Preferably, the transformer is tuned to parallel resonance for the frequency of the fundamental wave of the carrier signal, which can be achieved by parallel connection of a suitable capacitor 23 to the secondary 12. Thus, in the transformation of the amplitude-modulated signal, which is based on the signal of carrier frequency, the resonance step-up for the carrier signal may be used, so that a particularly high efficiency is obtained. Since the fundamental wave of the carrier signal is then transferred with preference, the peak amplitude values of the signal across the secondary of the transformer corresponds in time to the peak amplitude values of the carrier signal with a high accuracy. As the switching signal has been derived from the carrier signal, the switching device is actuated accurately in step with the peak amplitude values of the signal across the secondary of the transformer. This also means that the peak amplitude values of the signal across the secondary of the transformer, which values are representative of the control signal, are transferred correctly to the capacitance of the piezo-element in order to deflect this element. However, it is to be noted that a capacitor 23 for tuning the resonant frequency of the transformer is not strictly necessary, but that its presence further improves the operation of the circuit arrangement.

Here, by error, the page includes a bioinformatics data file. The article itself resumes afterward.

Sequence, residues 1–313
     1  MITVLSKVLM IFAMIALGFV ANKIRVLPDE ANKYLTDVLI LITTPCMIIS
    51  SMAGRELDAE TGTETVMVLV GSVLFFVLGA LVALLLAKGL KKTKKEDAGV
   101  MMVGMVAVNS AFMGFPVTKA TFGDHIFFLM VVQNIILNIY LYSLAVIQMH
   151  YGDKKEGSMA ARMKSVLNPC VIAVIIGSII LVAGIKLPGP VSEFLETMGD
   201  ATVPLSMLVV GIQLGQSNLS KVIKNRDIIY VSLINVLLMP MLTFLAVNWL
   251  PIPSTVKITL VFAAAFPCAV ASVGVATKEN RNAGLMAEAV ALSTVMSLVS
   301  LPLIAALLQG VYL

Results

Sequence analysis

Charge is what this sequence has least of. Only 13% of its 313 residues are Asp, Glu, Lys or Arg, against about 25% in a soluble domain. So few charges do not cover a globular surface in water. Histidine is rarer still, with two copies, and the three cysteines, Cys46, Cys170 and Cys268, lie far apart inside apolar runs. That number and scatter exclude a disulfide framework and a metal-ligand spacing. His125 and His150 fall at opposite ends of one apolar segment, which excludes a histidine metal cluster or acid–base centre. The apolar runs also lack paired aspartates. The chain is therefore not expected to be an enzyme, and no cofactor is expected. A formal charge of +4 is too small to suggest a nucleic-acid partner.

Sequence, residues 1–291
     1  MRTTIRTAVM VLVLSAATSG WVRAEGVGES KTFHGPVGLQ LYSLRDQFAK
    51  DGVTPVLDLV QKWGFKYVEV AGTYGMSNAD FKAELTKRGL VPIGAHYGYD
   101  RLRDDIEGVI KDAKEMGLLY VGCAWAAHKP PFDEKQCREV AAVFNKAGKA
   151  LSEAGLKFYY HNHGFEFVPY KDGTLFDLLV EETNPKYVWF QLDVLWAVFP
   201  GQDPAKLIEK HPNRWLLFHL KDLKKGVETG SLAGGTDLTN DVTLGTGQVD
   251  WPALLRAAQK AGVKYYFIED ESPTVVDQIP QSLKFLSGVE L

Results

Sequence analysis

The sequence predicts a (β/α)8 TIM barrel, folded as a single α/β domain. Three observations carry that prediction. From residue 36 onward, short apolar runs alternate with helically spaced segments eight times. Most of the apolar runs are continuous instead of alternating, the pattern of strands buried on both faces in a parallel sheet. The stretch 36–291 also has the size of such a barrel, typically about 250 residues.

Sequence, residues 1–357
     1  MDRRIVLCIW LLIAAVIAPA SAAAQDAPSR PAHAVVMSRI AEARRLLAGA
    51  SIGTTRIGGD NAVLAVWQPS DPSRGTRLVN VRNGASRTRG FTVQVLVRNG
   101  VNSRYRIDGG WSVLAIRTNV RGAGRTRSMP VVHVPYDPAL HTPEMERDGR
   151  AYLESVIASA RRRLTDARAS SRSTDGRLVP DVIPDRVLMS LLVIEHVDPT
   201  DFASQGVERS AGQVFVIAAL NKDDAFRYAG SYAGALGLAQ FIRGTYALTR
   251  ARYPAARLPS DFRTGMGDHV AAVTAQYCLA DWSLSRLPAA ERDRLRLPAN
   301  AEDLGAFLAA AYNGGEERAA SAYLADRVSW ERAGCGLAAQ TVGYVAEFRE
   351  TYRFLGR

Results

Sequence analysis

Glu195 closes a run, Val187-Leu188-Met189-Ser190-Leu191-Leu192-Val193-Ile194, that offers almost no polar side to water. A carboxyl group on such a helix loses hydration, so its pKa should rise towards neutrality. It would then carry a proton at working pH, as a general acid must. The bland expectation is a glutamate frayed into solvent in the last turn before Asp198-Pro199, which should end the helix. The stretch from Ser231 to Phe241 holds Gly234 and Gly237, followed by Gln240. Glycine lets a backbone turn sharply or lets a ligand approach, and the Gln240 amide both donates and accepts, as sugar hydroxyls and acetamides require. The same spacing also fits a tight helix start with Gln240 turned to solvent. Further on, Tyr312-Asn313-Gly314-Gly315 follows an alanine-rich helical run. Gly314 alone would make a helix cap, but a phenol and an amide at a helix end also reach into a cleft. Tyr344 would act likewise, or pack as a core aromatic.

For the amplitude modulator any known circuit may be used. For example, an amplitude modulator 7 may simply comprise a non-linear circuit element to which the modulation signal and the carrier signal are applied in series and from which the modulated signal is also taken in series. The modulation signal of such an amplitude modulator may be a control signal whose sign does not change with respect to a reference level. The relevant signal waveforms are shown in the diagrams of FIG. 2. Diagram a shows the waveform of a control signal, the horizontal axis representing the reference level. Diagram b shows the carrier signal whose frequency is higher than that of the control signal. In the aforementioned example it may be assumed that the control signal comprises frequency components up to approximately 1 kHz. In such a case it is advisable that the frequency of the carrier signal be of the order of magnitude of 40 kHz. Diagram c shows the resulting amplitude-modulated signal, which forms the output signal of the signal conversion stage 7. As can be seen, the periodic carrier signal is predominant in such a signal so that this signal is transformed by the transformer 11 with a satisfactory efficiency. Diagram d shows the periodic pulse-shaped switching signal for actuating the switching device 13, which switching signal is derived from the carrier signal by a pulse-shaper stage 20 in such a way that the pulses correspond in time to ony one of the two peak amplitude values of the carrier signal, namely in the present case the positive amplitude peak values. The pulse width of the switching signal is selected so that it is approximately one tenth of the period of the carrier signal, which is found to be very effective in practice. As can be seen from the diagrams c and d the pulses of the switching signal correspond to the peak amplitude values of the modulated signal, which also appears across the secondary circuit 12 of the transformer 11, because this modulated signal in principle comprises signal components of the carrier signal, from which in turn the pulses of the switching signal are derived. Therefore, the switching device 13 is actuated by the switching signal when the modulated signal reaches its relevant peak amplitude value. The amplitude peak values of the voltage across the secondary 12 of the transformer are thus transferred to the capacitance of the piezo-element by the switching device 13 as shown in diagram e, the voltage across the piezo-element either increasing or decreasing as a result of the bipolar operation of the switching device, depending on whether the instantaneous voltage across it is smaller or greater than the amplitude peak value of the voltage across the secondary circuit 12. Thus, via the switching device 13 either a charging current will flow from the secondary 12 of the transformer 11 to the capacitance 1 of the piezo-element or a discharge current will flow in the opposite direction. In this way the actuating voltage applied to the piezo-element follows the control signal, said voltage being generated with a high efficiency and by means of a simple circuit.